RICHMOND — Washington Redskins defensive end Jason Hatcher joined his teammates on the practice field on Saturday after spending the first two weeks of training camp on the physically-unable-to-perform list as he recovered from knee surgery.
One of Washington’s highest-profile free agent acquisitions this offseason, Hatcher had arthroscopic surgery on his left knee on June 20. The last two weeks completed a seven-week rehabilitation process, and after passing a physical on Saturday, the 6-foot-6, 299-pound Hatcher received the green light to practice.
“I’m real excited, man,” Hatcher said after practice. “It feels like forever since I’ve been on the field.”
The Redskins handled Hatcher with care on Saturday, and they will continue to bring him along slowly.
For his first practice, the defensive end took part only in individual drills. He will continue to do so for the next week before receiving permission to take part in team drills.
Hatcher will not play in the team’s second preseason game on Aug. 18 against Cleveland. But it’s possible that he will suit up for the third preseason game on Aug. 23 at Baltimore.
“Slowly but surely. … We’ll see how he does,” Redskins Coach Jay Gruden said. “It depends on how he feels after he trains, and make sure there’s no other damage, or what have you. But he’s coming along very well.”
The Redskins lured Hatcher away from the Dallas Cowboys in March after the 11th-year veteran recorded a career year with 11 sacks, 41 tackles and three pass breakups. Washington awarded Hatcher a four-year, $27.5 million deal that includes $10.5 million guaranteed money — all of which is owed to him this season.
Until last season, Hatcher had never had more than 4.5 sacks in a season. But Redskins coaches and officials believe that if all goes according to their plans, he can thrive in a role that is tailored to him and significantly bolster Washington’s pass-rush efforts.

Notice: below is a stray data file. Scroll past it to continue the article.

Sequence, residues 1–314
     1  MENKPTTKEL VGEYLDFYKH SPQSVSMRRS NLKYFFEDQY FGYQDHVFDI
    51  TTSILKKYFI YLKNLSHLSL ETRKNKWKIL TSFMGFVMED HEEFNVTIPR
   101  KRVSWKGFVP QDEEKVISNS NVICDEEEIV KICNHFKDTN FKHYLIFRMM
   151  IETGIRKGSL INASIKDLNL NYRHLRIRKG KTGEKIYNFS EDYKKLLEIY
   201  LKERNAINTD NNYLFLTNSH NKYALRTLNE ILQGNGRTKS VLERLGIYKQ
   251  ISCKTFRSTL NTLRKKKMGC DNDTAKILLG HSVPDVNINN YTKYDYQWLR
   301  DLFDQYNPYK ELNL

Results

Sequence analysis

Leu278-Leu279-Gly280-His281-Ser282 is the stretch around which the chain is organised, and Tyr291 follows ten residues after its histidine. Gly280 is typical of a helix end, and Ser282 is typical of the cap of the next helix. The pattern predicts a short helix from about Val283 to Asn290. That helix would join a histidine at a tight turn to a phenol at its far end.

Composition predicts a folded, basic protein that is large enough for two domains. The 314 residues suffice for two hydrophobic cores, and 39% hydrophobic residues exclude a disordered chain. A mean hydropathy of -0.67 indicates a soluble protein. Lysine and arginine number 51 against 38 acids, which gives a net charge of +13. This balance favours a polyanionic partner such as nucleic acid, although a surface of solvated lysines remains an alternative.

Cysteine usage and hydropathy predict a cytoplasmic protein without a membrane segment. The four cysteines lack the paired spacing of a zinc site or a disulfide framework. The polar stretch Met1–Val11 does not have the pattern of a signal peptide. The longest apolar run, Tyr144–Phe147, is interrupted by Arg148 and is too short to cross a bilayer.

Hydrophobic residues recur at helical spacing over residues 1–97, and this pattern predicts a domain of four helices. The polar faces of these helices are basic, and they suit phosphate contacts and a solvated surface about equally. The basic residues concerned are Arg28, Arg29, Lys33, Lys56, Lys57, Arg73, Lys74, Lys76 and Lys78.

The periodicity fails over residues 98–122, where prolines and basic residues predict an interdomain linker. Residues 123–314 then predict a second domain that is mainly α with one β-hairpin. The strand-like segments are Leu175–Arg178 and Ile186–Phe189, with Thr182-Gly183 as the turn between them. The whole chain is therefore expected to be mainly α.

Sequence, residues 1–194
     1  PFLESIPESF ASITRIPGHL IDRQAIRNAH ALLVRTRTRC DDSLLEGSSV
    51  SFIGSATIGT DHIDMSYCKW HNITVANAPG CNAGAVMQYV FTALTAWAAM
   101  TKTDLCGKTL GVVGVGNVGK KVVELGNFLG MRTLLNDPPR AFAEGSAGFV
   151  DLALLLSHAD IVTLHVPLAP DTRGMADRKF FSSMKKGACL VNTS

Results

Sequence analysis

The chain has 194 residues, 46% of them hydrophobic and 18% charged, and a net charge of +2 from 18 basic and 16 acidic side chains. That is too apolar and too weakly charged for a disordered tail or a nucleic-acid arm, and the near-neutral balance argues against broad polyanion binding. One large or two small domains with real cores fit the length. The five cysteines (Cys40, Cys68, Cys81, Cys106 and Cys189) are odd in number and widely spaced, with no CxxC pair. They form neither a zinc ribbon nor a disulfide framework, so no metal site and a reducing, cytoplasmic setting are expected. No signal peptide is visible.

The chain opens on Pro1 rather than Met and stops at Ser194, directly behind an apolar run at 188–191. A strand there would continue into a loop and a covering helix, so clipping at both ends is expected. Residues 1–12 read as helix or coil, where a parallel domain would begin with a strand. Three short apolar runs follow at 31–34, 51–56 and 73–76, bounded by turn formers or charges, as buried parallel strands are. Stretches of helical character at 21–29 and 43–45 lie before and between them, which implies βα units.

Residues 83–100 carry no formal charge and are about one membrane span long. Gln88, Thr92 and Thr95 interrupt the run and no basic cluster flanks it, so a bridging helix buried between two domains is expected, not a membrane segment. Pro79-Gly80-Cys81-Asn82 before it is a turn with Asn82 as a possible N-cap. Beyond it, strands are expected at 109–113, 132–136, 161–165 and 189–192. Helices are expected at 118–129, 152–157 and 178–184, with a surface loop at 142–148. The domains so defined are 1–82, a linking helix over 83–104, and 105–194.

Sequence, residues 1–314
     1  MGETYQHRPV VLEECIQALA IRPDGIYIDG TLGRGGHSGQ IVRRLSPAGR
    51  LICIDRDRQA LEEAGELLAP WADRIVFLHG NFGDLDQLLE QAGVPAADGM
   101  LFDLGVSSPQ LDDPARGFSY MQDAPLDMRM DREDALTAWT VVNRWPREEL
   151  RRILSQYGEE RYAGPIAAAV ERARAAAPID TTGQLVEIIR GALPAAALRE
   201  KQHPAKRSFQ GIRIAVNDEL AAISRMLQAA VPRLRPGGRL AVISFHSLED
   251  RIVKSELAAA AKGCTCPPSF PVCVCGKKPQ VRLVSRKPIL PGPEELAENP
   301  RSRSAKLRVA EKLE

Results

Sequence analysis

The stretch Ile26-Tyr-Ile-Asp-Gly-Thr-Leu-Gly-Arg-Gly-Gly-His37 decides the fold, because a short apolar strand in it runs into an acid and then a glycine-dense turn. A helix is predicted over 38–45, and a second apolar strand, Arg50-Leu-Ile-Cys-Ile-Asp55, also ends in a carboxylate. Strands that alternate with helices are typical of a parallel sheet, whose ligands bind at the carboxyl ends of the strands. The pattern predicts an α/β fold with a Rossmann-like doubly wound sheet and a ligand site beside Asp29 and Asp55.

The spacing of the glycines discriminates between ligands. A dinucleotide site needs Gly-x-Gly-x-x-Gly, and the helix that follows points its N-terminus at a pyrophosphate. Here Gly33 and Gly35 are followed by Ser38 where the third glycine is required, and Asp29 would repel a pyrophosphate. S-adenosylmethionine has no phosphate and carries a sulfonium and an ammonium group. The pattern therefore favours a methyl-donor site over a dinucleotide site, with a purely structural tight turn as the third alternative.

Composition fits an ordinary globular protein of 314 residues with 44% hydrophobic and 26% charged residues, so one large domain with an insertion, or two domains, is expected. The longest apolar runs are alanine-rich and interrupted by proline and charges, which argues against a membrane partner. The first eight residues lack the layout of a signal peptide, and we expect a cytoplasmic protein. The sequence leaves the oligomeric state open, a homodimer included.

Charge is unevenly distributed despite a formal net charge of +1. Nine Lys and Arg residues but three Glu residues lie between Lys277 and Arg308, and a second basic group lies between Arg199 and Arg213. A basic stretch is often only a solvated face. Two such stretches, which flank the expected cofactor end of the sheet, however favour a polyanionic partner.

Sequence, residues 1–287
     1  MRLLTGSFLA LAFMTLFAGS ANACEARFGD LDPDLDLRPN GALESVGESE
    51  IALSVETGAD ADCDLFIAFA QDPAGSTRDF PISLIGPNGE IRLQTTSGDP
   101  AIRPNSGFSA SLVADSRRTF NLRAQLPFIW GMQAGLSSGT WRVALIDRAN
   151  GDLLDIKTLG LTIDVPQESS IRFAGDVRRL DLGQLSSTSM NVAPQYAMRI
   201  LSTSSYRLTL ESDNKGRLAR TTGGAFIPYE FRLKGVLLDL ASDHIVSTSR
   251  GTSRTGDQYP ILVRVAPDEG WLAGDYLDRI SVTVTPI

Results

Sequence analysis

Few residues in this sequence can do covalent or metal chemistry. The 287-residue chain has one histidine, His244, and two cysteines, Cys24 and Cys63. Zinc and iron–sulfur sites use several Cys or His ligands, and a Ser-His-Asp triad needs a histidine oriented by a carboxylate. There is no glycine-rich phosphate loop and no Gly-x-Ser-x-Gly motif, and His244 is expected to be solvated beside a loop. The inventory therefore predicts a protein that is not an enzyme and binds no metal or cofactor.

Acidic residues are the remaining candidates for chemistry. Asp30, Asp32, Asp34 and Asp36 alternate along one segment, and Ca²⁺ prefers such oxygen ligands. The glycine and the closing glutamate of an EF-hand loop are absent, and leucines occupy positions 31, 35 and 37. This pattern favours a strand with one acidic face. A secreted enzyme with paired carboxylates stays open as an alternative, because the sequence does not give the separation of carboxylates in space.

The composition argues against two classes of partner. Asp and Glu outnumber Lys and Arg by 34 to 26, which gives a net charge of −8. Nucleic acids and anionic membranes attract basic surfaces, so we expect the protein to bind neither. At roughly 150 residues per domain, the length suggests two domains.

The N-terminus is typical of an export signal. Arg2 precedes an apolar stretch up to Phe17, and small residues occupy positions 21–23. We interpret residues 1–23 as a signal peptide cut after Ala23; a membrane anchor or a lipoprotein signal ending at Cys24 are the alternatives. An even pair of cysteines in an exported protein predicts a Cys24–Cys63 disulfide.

“We brought him here to rush the passer,” Gruden said, later adding: “Jason is going to be another element to [our pass rush]; an inside presence pass-rushing. … He’s a dominant player. He’s going to be an added impact to our team once he gets healthy.”
Because of the expectations set for him, Hatcher wrestled with whether or not to have surgery after experiencing problems with his knee during the offseason program.
He ultimately decided that rather than try to baby the knee off and on throughout the season, he would have the arthroscopic surgery so he could enter the season without lingering soreness or swelling.
“As a new guy who had just gotten signed, it was kind of a big deal,” he said discussing the dilemma he faced. “You, being a human, you think, ‘I just got here, and what will my teammates think? What will the GM, and owner think?’ It was a big thing and decision to make, but I’m glad I did it.
“It was one of those things where we sit down and discuss if I wanted to manage it every game,” Hatcher also said. “After every game, I have to rehab and get it right. But the bad outweighed the good, so I had the procedure done. I’m happy with the way it’s responded, but I have a long way to go.”
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